Womens Studies Core Courses |
Departmental Courses |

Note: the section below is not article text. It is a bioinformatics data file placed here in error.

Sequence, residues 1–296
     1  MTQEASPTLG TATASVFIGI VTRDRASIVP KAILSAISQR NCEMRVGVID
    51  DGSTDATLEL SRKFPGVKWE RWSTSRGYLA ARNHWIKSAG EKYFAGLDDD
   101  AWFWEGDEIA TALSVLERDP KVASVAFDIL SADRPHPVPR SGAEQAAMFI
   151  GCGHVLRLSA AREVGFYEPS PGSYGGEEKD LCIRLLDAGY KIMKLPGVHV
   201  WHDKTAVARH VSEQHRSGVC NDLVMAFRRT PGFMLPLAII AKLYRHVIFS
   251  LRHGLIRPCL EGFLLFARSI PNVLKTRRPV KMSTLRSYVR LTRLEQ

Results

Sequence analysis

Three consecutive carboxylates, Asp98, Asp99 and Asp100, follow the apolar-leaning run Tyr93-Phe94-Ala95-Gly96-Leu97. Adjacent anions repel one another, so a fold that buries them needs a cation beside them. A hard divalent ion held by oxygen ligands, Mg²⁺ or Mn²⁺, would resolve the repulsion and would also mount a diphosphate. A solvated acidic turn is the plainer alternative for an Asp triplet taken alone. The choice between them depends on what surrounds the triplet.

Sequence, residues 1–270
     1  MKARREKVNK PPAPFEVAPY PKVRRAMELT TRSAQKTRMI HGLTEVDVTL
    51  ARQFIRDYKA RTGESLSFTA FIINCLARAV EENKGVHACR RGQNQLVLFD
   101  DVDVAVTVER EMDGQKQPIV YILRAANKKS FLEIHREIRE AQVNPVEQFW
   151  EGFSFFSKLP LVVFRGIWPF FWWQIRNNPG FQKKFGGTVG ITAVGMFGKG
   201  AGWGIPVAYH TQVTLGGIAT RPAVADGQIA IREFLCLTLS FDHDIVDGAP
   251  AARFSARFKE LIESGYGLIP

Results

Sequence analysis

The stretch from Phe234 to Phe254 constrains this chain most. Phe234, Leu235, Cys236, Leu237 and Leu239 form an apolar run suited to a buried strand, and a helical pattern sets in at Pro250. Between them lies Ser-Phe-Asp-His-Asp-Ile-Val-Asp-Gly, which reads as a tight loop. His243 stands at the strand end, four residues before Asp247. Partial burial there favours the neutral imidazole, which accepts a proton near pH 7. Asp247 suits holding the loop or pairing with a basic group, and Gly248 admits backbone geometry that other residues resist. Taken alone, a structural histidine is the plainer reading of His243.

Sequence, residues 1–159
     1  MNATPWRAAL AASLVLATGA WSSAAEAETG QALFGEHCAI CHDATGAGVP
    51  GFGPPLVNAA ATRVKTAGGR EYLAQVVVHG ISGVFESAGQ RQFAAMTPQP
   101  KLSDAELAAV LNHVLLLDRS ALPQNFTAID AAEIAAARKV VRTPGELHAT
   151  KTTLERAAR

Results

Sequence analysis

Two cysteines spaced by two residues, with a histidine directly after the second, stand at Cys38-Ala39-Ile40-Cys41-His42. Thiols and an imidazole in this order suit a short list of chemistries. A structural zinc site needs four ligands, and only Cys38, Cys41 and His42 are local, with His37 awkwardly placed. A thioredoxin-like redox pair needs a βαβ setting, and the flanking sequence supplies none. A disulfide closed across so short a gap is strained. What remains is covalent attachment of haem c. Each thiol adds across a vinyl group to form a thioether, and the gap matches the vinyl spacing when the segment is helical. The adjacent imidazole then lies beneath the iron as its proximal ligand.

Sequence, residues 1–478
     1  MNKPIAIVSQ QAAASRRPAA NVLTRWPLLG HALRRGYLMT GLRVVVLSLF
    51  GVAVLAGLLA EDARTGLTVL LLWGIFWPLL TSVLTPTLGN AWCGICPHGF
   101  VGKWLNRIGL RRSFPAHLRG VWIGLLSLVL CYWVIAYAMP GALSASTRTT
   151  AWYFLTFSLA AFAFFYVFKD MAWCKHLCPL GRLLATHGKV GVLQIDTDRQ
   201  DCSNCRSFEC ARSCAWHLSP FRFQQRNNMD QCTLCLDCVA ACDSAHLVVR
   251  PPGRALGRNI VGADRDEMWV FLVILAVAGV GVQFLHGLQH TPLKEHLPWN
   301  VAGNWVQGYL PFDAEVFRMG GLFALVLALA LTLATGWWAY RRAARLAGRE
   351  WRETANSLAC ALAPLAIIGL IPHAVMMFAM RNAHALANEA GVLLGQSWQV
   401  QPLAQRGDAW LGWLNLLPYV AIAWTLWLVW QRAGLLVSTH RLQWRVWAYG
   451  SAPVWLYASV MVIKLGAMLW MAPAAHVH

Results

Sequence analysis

----------------------------------------------------- WOMEN’S STUDIES PROGRAM 109 Dickinson House 538-2156 ----------------------------------------------------- WS 101 Introduction to Women's Studies Alex Deschamps Monday-Wednesday 9:25-10:40 am The course offers an overview of women’s position in society and culture by examining women’s lives from a variety of experiential and theoretical perspectives. The first section examines works by women that illuminate both the shared and the diverse social, psychological, political, and economic realities of their experience;; the second section introduces analyses of sexism and oppression,with a focus on different frameworks for making and evaluating feminist arguments. The course concludes with visionary feminist views of women recreating their lives. WS 200 (01)/HIST D101 Women, Spirituality and Power Eugenia Hebert /Harold Garrett-Goodyear Tuesday, Thursday 9:25-10:40 am fourth hour held 12:00-12:50 pm How are the changing and varied experiences of women related to notions of the sacred? How are the very distinctions between “women” and “men” affected by such notions? In what ways is spirituality a source of power for women, or a limit to their power? Can we develop a vocabulary for understanding women’s experience in societies that know no distinction between sacred and profane? The critical and self-reflective use of historical analysis and interpretation are central to this inquiry into the relationshps between women’s experiences and the boundaries between sacred and profane in various cultures. Case studies include African and African American women and European women during the transition from medieval to modern society. WS 200 (02)/HIST 276 American Women Since 1890 Mary Renda Tuesday, Thursday 9:25-10:40 am This course examines the history of women and cultural construction of gender in the United States since the end of the last century. How have class, race, and ethnicity shaped the history of women’s work, debates over female sexuality, women’s attempts at social change, and representations of women in cultural and political contexts? In what ways has gender contributed to racial consciousness and class formation in the United States? Using primary and secondary materials, we will examine “women’s experience” in the realms of work, politics, sexuality, and reproduction. WS 203 (01)/ENGL 272 Caribbean Women Writers Roberto Marquez Tuesday, Thursday 2:35-3:50 pm A comparative examination of contemporary Caribbean women writers with particular emphasis on their engagement with issues of history, cultural articulation, race, class, gender, and nationality. Attention to form, style, voice and audience. WS 220/POL 220 Sex and Politics Jean Grossholtz Monday, Wednesday, Friday 10:50-12:05 pm Explores the nature and extent of violence against women, explanations of the causes of such violence, society’s use of sexual categories as the basis for the distribution of social and political roles, the effects of race and class on women’s lives, the translation of sex differences into restrictions on political and social life, and patriarchal power and women’s struggle for change. WS 250 Global Feminism Kanthie Athukorala Monday-Wednesday 10:50am - 12:05 pm This course offers an intensive study of the worldwide subordination of women, looking at women as producers and consumers, as survivors of male violence, as child rearers and food producers, and as creators of culture and life-support systems. It studies cultural, economic, and structural differences in women’s experience and includes presentations by faculty who are expert on women’s lives in different regions. The course aims at a critical perspective on existing systems of thought and the creation of a system of thought compatible with women’s experience and knowledge. WS 333 (01)/ENGL 371 Feminist Theory & Film Carol Donelan Thursday 1:00-3:50 pm Monday screening This seminar investigates contemporary feminist theory - including but not limited to feminist film theory - in relation to film. It examines the influential formulations of the cinematic “male gaze” and “women’s film”; recent theorizations of race and sexuality in cinema and in cluture; gender complexities in popular Hollywood genres; and critical issues emerging from films made by women. Students undertake extensive theoretical readings and attend mandatory weekly film screenings. WS 333 (02)/PSYCH 319 Gender & Domestic Labor Francine Deutsch Wednesday 1:00-2:50 pm This course examines social psychology and sociological theories and research addressing why women do more housework and child care than men. It pays special attention to the situation of dual-earner families and considers class and ethnic differences on the nature of this inequality and the barriers to full equality at home. WS 333 (03)/POL 390 Women and Development Jean Grossholtz Monday 3:00-4:50 pm A detailed study of development policies and projects, national and international, as they relate to women. Students engage in individual research on the effect of particular projects on women. WS 333 (04)/REL 323 Feminist Theologies Jane Crosthwaite Tuesday, Thursday 10:50-12:05 pm MaryDaly, Elisabeth Schussler Ffiorenza, Phyllis Trible, and Naomi Goldenberg, among others, have argued that traditional Jewish and Christian theological systems have overlooked the needs, concerns, histories, and contributions of women. Their challenges range from the historical modification of a presumably unbiased religious system to the outright rejection of a so-called patriarchal establishment. Whatever their approach, feminist theologies offer diverse and incisive tools for understanding how a theological system operates, how transitory cultural assumptions become embedded in ongoing doctrines, and how apparently minor adjustments can have significant ripple effects. WS 333 (05) Indigenous Women in Contemporary Struggles Deidre Almeida Thursday 1:00-2:50 pm This course is designed to introduce students to the role of Indigenous women in the struggles for national self-determination from a historical/cultural/spiritual political context. Historically, Indigenous women have always played a very prominent and power role within all spheres of Indigenous social/political/cultural and economic issues affecting Indigenous nations from a contemporary context. The breadth and scope of this course will examine Indigenous nations such as the Lakota/Dakota, Navajo, Wampanoag, Kanienkehaka Mohawk and Cree nations. Also to be discussed will be Indigenous women from other countries such as Bolivia, Salvador, Australia and New Zealand. Prereq: 8 cr in D including WS 101 or 250 WS 390 Internship/Fieldwork Project M. Ackmann Wednesday 1:00-4:00 pm Prereq: Women's Studies 101, 250, 251 and permission of instructor.